Much of this debate boils down to whether or not U.S. primacy deserves credit for the decline of interstate war, and thus for the increase in global economic productivity, since 1945. Many argue that it does, but there are competing arguments. Nuclear weapons and the destructive power of modern conventional militaries have created an environment of “defense dominance” in which war and conquest are either prohibitively costly or just plain infeasible. Economic interdependence, which developed long before America’s rise to superpower status, also creates incentives to keep the peace and get rich instead – so the cause-effect variable could very well be the reverse of what Cambanis and others claim. Cato’s own John Mueller has long argued that a normative shift in the way most societies see war, from a glorified practice to an abhorrent last resort, is the real reason for the decline of international conflict.
Cambanis predicts that, contrary to the prognostications of some fearful commentators, Trump will not reduce America’s role in the world because he will soon realize that it is a net benefit to the country’s interests and its bottom line. I agree Trump is unlikely to pare back U.S. predominance, but I think it will have more to do with his predilection for exercising immense power than anything else.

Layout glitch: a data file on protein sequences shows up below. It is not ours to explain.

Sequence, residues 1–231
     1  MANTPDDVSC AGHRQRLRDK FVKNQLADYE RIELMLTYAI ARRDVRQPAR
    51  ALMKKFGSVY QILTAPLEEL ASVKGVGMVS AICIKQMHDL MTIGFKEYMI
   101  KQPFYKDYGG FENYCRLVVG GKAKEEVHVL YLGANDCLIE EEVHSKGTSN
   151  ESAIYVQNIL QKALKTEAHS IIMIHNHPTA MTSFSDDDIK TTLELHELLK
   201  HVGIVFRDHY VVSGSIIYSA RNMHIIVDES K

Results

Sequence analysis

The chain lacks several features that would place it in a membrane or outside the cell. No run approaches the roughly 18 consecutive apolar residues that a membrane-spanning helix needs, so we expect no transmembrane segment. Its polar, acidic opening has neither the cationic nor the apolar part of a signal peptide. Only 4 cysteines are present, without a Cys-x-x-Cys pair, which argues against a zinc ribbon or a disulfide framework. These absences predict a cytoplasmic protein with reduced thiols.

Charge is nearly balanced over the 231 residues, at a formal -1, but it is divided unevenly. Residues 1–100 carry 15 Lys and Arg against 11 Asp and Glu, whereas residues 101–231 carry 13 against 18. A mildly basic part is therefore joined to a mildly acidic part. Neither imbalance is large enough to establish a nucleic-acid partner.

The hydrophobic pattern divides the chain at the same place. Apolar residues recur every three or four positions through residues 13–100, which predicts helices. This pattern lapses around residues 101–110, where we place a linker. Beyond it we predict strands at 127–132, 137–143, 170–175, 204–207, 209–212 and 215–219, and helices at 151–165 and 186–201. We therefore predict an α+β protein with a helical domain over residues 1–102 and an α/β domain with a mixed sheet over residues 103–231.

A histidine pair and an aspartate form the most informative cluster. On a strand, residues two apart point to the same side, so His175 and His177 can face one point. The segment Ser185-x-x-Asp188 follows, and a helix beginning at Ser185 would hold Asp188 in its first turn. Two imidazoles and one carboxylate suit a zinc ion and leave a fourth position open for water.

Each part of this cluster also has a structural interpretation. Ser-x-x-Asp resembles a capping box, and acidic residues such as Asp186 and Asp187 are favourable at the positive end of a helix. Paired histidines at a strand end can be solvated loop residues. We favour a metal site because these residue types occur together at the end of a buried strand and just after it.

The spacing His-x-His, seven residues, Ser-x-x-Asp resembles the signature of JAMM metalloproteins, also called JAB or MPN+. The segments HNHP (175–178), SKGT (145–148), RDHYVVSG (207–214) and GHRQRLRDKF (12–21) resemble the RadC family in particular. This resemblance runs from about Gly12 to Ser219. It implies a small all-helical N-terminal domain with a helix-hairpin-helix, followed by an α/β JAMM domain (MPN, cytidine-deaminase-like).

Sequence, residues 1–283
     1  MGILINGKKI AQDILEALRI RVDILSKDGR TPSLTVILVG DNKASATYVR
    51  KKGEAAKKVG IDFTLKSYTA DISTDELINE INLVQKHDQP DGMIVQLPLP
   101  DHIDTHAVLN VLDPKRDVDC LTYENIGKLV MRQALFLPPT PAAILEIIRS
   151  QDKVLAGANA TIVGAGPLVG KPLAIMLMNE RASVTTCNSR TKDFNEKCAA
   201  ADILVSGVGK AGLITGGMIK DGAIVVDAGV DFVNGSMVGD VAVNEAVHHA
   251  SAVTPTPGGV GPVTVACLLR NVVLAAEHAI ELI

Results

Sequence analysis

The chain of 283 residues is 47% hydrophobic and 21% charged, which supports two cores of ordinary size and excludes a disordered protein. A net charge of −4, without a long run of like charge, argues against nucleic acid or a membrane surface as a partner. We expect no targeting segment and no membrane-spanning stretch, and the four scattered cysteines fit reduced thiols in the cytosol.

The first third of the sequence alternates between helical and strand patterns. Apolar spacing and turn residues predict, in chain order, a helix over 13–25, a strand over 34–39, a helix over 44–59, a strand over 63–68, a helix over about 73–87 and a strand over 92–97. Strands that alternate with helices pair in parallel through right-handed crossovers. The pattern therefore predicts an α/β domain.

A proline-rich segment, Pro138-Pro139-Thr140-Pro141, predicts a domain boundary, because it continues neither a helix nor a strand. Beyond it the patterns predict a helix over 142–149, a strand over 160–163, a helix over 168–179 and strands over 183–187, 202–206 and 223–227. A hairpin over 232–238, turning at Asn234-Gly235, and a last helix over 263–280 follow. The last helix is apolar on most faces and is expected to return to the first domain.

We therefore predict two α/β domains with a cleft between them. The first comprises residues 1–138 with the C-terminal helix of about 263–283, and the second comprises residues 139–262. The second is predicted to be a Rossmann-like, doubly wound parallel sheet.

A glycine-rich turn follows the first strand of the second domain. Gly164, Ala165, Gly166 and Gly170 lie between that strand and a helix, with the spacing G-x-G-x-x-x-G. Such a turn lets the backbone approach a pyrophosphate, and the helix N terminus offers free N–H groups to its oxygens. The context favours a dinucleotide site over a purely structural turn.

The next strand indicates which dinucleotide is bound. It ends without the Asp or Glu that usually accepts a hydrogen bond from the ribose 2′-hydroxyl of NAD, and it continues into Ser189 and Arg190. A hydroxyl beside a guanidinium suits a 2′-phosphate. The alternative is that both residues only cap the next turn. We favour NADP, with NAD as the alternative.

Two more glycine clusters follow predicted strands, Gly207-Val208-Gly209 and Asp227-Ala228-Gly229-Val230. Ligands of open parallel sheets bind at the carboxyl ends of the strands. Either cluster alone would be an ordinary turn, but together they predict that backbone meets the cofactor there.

Our World of Scarcity
One important aspect of reality that sound economics highlights and clarifies is the unavoidability and ubiquity of scarcity. “The economic problem” (as it is commonly called) exists only because not all human wants can be satisfied with the means – resources, tools, time, knowledge – available to us. Some – indeed, most – of our desires will forever go unsatisfied in order that we might use the scarce resources, tools, time, and knowledge that we have to satisfy those relatively few desires that we judge to be the most important.
We – as individuals and as society – never act perfectly. We make lots of mistakes. But if we keep our mistakes to some achievable minimum, we’ll prosper. So we must beware – again, both as individuals and as society – of our proneness to error. The successful amongst us learn from our mistakes; those amongst us who do not learn from mistakes fail.
One of the gravest economic mistakes that humans can make is to forget that ours is unavoidably a world of scarcity. In a world of superabundance – an almost-unimaginable world of no scarcity – human beings who mistake their world as being one of scarcity will pay no price. It would be a costless error. But in the real world – in our world of scarcity – human beings who mistake their world as being one of superabundance will pay a high price. It is a very costly error.